Most of the time entanglement is described using some instantaneous classical measurement from an apparatus, but it is possible to describe it between two quantum systems, with two systems $O$ (for the observer) and $S$ undergoing the following process

$$\vert \psi^O \rangle \otimes\vert \psi^S \rangle \to \sum_\alpha a_\alpha \vert \psi^O_\alpha \rangle \otimes \vert \phi_\alpha \rangle$$

for a bunch of measurement with value $\alpha$ and probability $a_\alpha^2$.

But is there a toy model to show this process actually happening, where two particles, originally just a tensor product of the free states, evolve into entangled states, ideally without using some instantaneous interaction like a quantum gate? Also does this conflict with the fact that for long range interactions, particles are always interacting with each other?

  • $\begingroup$ What do you mean by "described"? I can parse your first sentence only if I replace "describe" by something like "create". Am I missing something? $\endgroup$ – Stéphane Rollandin Dec 22 '17 at 9:53
  • $\begingroup$ That this is what the wavefunction of an observer and measured system are pre and post measurement from the point of view of a second observer. $\endgroup$ – Slereah Dec 22 '17 at 9:54
  • $\begingroup$ a "toy model" of QM entanglement is the pilot wave hydrodynamics model, or modelling particles as simple harmonic oscillators of space waves. it is not entirely incorrect, serves as a rough classical approximation of much qm phenomena, has some remarkable emergent properties/ consequences and how far it can be pushed is open to question/ active research area. more discussion chat.stackexchange.com/rooms/9446/theory-salon $\endgroup$ – vzn Dec 22 '17 at 17:10
  • $\begingroup$ What do you mean by "for long range interactions, particles are always interacting with each other"? Are you referring to the entangled particles in a Bell or quantum teleportation experiment? $\endgroup$ – plan Dec 22 '17 at 18:36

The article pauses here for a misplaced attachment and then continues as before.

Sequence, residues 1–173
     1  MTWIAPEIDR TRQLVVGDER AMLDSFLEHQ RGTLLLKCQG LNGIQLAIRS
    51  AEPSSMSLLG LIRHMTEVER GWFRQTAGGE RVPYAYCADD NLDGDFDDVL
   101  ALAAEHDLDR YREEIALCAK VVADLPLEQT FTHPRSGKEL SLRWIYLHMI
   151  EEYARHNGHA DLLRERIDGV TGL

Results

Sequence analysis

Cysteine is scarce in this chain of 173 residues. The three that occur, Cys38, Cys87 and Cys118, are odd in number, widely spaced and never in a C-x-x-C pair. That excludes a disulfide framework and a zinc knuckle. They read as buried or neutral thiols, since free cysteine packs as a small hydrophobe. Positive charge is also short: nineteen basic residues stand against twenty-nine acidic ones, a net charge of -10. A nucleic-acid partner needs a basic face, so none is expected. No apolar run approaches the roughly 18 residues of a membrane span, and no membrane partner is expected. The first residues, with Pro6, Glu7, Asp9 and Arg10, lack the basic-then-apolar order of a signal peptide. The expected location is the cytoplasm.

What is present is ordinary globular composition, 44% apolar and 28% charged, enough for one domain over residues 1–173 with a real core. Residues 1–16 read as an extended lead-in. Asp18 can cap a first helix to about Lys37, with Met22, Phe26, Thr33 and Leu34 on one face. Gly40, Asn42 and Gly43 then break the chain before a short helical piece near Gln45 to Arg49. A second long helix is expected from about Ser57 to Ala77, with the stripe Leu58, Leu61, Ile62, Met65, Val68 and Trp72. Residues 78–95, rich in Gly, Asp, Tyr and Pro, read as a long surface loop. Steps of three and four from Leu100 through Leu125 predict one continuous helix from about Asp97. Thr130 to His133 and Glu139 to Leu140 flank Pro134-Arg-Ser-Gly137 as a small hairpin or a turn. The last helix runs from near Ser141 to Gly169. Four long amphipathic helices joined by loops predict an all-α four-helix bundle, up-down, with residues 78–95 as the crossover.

Assume that $\left| \psi^O \right. \rangle$, $\left| \psi^S \right. \rangle$ are just two spin 1/2 particles. Then a Heisenberg interaction:

$$\vec{S^o} \cdot \vec{S^s} = \hat{S_x^o} \otimes \hat{S_x^s} + \hat{S_y^o} \otimes \hat{S_y^s} + \hat{S_z^o} \otimes \hat{S_z^s}$$

will evolve a product state into an entangled singlet state:

$$\frac{1}{\sqrt{2}} \left( \left| \uparrow^O \right. \rangle \left| \downarrow^S \right. \rangle - \left| \downarrow^O \right. \rangle \left| \uparrow^S \right. \rangle \right)$$

It is possible to generalize this to a more realistic "observer" and "system". A simple way of playing around with this is to numerically generate a random hermitian $(NM \times NM$) matrix, where $N = dim(system)$, $M=dim(observer)$. Diagonalize the matrix and find the lowest energy eigenvector. Reshape this $NM$-vector into a $(N,M)$ matrix and do a singular value decomposition of it. The entanglement entropy can then be found from the singular values $\Lambda_i$ as

$$S = \sum_i -\Lambda^2_i \log(\Lambda^2_i)$$

You will find that most Hamiltonians have an entangled ground state. This would mean that your initial product state (with sufficient overlap) would also evolve to such an entangled state.

More realistic would be to include the effect of an environment by using the theory of open quantum systems. In "most cases" the environment destroys the entanglement, which is an explanation why quantum entanglement is so fragile. See https://arxiv.org/pdf/quant-ph/0306072.pdf for more on the subject.

Maybe this at least answers the first part of your question.


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